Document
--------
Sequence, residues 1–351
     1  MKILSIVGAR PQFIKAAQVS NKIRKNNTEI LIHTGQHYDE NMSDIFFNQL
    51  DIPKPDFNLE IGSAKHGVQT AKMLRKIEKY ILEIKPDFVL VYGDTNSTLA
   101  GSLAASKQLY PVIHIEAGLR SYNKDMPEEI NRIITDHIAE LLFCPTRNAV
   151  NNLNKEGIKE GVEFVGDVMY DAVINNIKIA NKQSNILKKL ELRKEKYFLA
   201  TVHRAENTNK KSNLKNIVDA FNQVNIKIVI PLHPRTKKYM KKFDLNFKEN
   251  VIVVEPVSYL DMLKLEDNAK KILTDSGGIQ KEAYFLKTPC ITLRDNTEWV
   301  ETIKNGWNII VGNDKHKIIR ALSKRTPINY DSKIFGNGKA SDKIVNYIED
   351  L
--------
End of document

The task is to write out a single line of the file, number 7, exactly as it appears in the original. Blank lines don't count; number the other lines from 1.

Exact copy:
   251  VIVVEPVSYL DMLKLEDNAK KILTDSGGIQ KEAYFLKTPC ITLRDNTEWV